The second set of results presented in this review (129 articles) examined various biopsychosocial factors that may contribute to differences in pain sensitivity between healthy women and men.
The results revealed that the involvement of hormonal and physiological factors is either inconsistent or absent.
Some studies suggest that temporal summation, allodynia, and secondary hyperalgesia may be more pronounced in women than in men.
The evidence to support less efficient endogenous pain inhibitory systems in women is mixed and does not necessarily apply to all pain modalities.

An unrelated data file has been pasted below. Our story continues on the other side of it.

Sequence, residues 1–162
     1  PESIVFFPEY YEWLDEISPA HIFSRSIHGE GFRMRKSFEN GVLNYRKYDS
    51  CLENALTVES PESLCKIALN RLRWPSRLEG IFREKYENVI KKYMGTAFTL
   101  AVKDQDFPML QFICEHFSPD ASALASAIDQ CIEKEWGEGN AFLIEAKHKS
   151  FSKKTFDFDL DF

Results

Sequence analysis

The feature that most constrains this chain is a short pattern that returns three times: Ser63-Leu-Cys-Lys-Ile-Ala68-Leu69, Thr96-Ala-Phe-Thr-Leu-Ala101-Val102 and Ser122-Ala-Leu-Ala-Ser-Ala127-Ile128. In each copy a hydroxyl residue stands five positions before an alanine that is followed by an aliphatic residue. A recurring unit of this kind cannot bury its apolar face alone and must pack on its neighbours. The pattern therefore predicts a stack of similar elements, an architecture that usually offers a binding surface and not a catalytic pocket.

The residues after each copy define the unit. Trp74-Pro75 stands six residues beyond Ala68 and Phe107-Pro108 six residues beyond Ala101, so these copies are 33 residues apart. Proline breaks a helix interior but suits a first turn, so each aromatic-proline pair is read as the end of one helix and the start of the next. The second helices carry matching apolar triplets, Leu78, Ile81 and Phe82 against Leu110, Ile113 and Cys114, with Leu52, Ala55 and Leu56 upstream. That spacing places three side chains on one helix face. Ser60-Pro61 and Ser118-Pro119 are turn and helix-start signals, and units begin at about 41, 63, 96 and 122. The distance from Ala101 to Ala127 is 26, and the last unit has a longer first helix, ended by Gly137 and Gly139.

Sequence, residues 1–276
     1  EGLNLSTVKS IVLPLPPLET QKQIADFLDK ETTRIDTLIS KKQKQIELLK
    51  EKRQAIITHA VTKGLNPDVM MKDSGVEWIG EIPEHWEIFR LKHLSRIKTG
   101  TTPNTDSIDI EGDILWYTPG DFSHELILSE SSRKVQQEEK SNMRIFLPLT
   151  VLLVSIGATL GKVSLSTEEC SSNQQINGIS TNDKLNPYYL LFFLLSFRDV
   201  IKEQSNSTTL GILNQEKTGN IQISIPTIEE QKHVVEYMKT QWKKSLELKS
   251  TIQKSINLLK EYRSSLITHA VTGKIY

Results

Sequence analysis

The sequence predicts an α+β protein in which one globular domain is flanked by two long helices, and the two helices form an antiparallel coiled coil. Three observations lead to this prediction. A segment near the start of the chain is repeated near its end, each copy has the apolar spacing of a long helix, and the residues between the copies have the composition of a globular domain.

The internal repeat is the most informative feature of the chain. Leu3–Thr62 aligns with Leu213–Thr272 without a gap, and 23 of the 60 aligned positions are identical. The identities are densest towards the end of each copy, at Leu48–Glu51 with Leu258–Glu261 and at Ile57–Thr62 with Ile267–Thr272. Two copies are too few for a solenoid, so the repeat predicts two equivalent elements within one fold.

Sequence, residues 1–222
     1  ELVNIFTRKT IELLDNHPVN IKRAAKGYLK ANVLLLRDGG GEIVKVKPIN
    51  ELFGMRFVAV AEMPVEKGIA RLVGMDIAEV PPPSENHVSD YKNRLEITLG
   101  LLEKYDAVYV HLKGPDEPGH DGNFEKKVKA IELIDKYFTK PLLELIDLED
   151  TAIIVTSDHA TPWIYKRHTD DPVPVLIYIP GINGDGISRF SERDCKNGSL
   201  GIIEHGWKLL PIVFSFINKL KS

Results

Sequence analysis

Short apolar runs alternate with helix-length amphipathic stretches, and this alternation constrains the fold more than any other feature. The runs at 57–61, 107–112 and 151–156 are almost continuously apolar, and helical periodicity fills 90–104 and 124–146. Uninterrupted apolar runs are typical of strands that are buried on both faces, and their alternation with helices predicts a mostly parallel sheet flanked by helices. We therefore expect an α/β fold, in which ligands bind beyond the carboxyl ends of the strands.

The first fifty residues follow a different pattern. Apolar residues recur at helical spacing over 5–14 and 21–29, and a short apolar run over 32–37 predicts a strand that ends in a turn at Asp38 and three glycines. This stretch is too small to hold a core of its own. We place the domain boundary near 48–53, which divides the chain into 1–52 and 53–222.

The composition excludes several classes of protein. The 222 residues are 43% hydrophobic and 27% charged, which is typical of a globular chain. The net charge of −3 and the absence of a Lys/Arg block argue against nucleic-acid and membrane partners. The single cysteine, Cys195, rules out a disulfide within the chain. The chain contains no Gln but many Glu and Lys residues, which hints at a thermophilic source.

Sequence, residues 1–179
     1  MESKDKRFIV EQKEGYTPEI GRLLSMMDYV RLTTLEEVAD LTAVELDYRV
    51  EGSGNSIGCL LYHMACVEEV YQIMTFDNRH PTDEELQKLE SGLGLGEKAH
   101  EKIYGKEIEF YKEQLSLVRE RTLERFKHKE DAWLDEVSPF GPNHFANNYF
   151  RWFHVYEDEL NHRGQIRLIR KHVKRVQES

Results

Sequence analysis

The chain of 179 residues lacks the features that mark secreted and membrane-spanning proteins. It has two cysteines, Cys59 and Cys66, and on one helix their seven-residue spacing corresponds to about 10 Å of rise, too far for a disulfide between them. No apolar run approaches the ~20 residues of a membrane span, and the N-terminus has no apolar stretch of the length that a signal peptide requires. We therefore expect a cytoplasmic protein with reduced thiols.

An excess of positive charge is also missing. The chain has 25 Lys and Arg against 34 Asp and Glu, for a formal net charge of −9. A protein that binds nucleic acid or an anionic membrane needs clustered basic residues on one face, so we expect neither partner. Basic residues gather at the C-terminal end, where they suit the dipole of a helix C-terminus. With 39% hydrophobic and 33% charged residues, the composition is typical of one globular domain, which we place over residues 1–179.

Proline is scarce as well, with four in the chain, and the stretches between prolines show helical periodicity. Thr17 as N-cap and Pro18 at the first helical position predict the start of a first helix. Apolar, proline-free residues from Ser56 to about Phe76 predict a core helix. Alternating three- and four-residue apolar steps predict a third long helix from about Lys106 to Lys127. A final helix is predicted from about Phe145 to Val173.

With regard to psychological factors, depression may not mediate sex differences in pain perception, while the role of anxiety is ambiguous.
Cognitive and social factors appear to partly explain some sex-related differences. Finally, past individual history may be influential in female pain responses. However, these conclusions must be treated with much circumspection for various methodological reasons. Furthermore, some factors/mechanisms remain understudied in the field.
There is also a need to assess and improve the ecological validity of findings from laboratory studies on healthy subjects, and perhaps a change of paradigm needs to be considered at this point in time to better understand the factors that influence the experience of women and men who suffer from acute or chronic pain.